My friend Stephen Batchelor’s latest book was released just two weeks ago, and it’s already in its second printing. I tip my hat to him. He’s best known for Buddhism without Beliefs (1997), which once and for all branded him a renegade. In it, he called into question the two ‘key’ Buddhist teachings of karma and reincarnation, suggesting they weren’t key at all but cultural artifacts of the Buddha’s time and place.
It’s well worth taking the trouble to question beliefs — particularly Buddhist ones. I’ve always counted them as secondary to the practices anyway, but if Stephen’s ideas have pried open the eyes of one staunch believer, he’s done well. Buddhism’s often described as a belief system or a philosophy, but I think of it as a mode of inquiry; this blog is subtitled (above) to reflect that interpretation. I’m convinced that the Buddha was a hard-core empiricist, sanctified after his death mostly by men who never met him.
Anyway, Stephen’s done it again. In Confessions of a Buddhist Atheist he’s making committed Buddhists question the way they believe in Buddhism. We spent several years together back when we were monks in Switzerland, and exchanged lots of correspondence when we went our own ways; I suspect his book will chronicle similar disappointments to those I described in The Novice. Only today, I don’t count them as disappointment any more, but realizations. That’s a catchy word in Buddhism — especially for those who, naïve as I once was, think of realization as a mystical encounter with a blissfully hidden reality. Now, I’d describe it more as waking up to the facts of life, usually with a shudder. That might sound brutal, but if that’s what it takes to break down your illusions, it’s worth it. All you’re shedding is unnecessary baggage; it settles you down a little closer to the simple fact of being, and that beats anything.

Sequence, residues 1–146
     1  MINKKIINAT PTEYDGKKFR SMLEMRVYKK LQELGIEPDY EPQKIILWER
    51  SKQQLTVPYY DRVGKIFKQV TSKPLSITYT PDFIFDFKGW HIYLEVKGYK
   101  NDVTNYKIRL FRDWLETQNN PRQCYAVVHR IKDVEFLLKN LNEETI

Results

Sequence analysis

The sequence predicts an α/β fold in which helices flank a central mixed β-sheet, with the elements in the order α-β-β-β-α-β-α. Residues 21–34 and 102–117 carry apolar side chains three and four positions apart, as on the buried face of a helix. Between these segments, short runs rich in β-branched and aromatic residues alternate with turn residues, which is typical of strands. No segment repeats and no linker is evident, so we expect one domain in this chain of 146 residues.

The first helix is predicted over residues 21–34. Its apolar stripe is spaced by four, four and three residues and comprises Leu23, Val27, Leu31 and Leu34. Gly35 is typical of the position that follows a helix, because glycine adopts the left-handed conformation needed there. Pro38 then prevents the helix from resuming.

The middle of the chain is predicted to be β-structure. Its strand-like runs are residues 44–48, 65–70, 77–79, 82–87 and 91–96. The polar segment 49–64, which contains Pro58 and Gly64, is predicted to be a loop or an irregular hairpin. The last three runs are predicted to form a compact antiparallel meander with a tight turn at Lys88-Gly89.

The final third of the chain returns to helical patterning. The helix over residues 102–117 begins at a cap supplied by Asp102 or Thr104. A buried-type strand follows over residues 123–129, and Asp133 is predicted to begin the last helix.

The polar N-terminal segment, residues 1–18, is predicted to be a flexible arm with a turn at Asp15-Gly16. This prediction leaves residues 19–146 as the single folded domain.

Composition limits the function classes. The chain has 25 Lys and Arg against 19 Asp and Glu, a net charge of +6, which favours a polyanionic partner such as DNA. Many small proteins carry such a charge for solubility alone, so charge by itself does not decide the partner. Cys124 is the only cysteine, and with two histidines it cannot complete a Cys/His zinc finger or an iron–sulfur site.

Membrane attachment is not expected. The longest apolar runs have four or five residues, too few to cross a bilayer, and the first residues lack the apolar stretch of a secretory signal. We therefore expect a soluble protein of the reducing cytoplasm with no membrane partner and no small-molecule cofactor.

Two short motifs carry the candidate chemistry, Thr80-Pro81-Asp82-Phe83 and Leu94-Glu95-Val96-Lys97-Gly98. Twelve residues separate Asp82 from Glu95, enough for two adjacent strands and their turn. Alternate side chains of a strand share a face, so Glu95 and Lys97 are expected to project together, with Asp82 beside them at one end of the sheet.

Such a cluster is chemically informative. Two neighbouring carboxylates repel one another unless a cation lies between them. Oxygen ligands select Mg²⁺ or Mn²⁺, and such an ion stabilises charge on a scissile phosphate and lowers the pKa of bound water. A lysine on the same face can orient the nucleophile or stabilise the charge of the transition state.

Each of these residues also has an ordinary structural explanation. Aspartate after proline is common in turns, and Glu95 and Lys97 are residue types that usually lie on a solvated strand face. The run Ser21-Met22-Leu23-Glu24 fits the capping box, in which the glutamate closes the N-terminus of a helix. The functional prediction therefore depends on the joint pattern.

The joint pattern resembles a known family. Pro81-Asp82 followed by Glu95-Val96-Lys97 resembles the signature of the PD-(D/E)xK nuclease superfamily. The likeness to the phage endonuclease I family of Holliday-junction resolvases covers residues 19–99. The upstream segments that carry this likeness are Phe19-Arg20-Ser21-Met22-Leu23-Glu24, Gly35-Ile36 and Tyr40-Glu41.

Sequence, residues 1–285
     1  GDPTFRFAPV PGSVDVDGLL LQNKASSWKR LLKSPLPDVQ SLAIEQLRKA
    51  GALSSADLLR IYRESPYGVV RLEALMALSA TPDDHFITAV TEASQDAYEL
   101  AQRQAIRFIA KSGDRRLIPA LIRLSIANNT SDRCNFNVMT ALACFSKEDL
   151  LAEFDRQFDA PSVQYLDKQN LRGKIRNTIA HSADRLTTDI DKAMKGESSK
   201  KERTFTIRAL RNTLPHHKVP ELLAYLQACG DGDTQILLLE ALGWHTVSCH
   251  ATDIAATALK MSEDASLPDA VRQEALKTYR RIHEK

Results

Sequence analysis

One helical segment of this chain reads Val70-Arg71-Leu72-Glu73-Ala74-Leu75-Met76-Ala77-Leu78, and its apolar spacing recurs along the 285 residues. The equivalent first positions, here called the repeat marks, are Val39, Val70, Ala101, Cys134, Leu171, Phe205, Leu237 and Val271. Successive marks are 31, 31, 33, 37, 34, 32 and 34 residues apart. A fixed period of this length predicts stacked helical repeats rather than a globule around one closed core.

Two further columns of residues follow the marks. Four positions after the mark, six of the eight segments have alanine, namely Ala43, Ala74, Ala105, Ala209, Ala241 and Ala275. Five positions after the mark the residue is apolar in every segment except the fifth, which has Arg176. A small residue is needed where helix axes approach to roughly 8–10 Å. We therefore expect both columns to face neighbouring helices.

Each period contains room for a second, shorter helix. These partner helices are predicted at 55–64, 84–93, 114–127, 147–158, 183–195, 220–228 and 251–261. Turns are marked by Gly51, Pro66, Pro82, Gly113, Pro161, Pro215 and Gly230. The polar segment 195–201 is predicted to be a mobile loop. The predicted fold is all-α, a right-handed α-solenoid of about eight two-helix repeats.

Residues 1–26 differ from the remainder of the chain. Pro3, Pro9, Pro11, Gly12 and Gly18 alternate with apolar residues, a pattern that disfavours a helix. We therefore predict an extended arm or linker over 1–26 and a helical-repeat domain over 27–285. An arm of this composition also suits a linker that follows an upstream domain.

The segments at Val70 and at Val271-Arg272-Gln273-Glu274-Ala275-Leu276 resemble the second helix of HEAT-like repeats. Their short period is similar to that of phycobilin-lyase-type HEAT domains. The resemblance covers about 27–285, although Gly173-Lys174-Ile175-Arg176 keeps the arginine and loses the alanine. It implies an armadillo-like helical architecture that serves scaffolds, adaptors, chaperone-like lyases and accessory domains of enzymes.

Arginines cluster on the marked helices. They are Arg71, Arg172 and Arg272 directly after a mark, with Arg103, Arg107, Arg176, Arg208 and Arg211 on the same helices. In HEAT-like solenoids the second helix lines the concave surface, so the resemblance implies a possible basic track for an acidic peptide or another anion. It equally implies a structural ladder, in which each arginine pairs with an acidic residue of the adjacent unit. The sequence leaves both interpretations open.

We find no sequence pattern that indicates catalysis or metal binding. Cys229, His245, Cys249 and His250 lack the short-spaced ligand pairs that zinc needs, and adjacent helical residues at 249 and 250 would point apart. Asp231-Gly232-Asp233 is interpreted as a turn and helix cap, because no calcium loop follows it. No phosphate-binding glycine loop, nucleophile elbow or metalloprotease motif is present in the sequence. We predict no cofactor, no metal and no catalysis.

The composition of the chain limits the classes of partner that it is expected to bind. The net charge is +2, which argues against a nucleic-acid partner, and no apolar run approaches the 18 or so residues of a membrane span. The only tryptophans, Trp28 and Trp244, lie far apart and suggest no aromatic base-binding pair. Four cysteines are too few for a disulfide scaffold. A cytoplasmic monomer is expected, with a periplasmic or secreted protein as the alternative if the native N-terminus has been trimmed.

So what’s wrong with the way people believe? Well, for example, as cool and sweet as the Dalai Lama might be, choosing him as your guru doesn’t increase your chances of enlightenment one iota. And yet people crowd around him as if he might put in a good word — but with whom? Buddhists don’t believe in God. And remember, the Buddha didn’t start out with the truth of bliss, but the truth of suffering. I don’t idealise him any more, but I do think he knew what he was doing.
Which brings me back to Stephen’s book. Why Buddhist Atheist? Buddhists are already atheists, aren’t they? Well, I’ll be getting a copy shortly, and will review it right here. I’m especially looking forward to his biography of the Buddha, which is one whole part of the book. I know that Stephen’s been carefully researching his life and times for years, and I’m hoping at long last to read a critical, humanistic account of Siddhartha Gotama — the great man who first snared my attention forty years ago, and who still has it. I may not call myself a Buddhist any more, but that’s no reflection on him.